*Columbia College, †Hunter College High School, and ‡Department of Anesthesiology, Columbia University, New York, New York
Supported by Grant GM00695 (PF).
October 1, 2002.
Address correspondence to Pamela Flood, MD, Department of Anesthesiology, Columbia University, 630 W. 168th St., New York, NY 10032. Address e-mail to email@example.com. Reprints will not be available from the authors.
In previous studies we and others have demonstrated that the activation of nicotinic acetylcholine receptors (nAChRs) is inhibited by subanesthetic concentrations of volatile anesthetics. The mechanism by which activation is inhibited is unknown. Studies of the evolutionarily related nAChRs from the electric fish Torpedo have suggested that volatile anesthetics alter the affinity of the agonist for the receptor. We studied the effect of two volatile anesthetics, isoflurane and sevoflurane, on equilibrium binding of the high-affinity nicotinic agonist epibatidine to nicotinic receptors from mouse brain. We studied binding to male and female brain separately, because sex differences in nicotine responses have been reported. Male and female brains have equal epibatidine binding without anesthetic. Isoflurane and sevoflurane reduce the binding of [3H]epibatidine to male and female nicotinic receptors, but only at concentrations at and above those required for anesthesia. The 50% inhibitory concentration for isoflurane inhibition of [3H]epibatidine binding to male brain was 0.58 ± 0.07 mM and to female brain was 1.62 ± 0.30 mM. The 50% inhibitory concentration for sevoflurane inhibition of [3H]epibatidine binding to male brain was 0.77 ± 0.05 mM and to female brain was 0.77 ± 0.04 mM. There was no statistically significant difference in the effect of either drug between sexes (P > 0.05). Although there is a slight decrease in agonist affinity at anesthetic concentrations, the marked reductions in nAChR function at subanesthetic concentrations cannot be attributed to changes in agonist affinity.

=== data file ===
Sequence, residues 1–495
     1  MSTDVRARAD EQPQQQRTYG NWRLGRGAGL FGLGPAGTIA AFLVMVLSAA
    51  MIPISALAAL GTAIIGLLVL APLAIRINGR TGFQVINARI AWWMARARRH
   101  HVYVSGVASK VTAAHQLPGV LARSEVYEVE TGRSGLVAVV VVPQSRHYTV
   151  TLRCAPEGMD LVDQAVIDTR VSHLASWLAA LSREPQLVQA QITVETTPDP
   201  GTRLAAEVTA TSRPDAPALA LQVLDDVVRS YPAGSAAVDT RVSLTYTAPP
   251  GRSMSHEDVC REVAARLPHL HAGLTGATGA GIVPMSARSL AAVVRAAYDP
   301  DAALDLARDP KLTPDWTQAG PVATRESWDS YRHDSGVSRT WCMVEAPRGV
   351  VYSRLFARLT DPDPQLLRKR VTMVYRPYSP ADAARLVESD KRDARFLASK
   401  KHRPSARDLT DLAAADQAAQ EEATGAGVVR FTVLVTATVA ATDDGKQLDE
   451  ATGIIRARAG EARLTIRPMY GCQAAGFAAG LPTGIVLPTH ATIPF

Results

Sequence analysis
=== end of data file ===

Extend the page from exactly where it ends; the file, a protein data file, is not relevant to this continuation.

The activation of nicotinic acetylcholine receptors (nAChRs) expressed in the brain is exquisitely sensitive to inhibition by volatile anesthetics (1–4). The physiological mechanism of that inhibition is controversial. In a previous study, we found that isoflurane inhibition of α4β2 nAChRs was dependent on the activating agonist concentration. Inhibition of nAChR activation by isoflurane was more potent at small agonist concentrations, and a Schild analysis was suggestive of competitive inhibition (1). Although the structure of isoflurane makes a direct action at the agonist binding site unlikely, an allosteric action could cause an alteration in agonist affinity.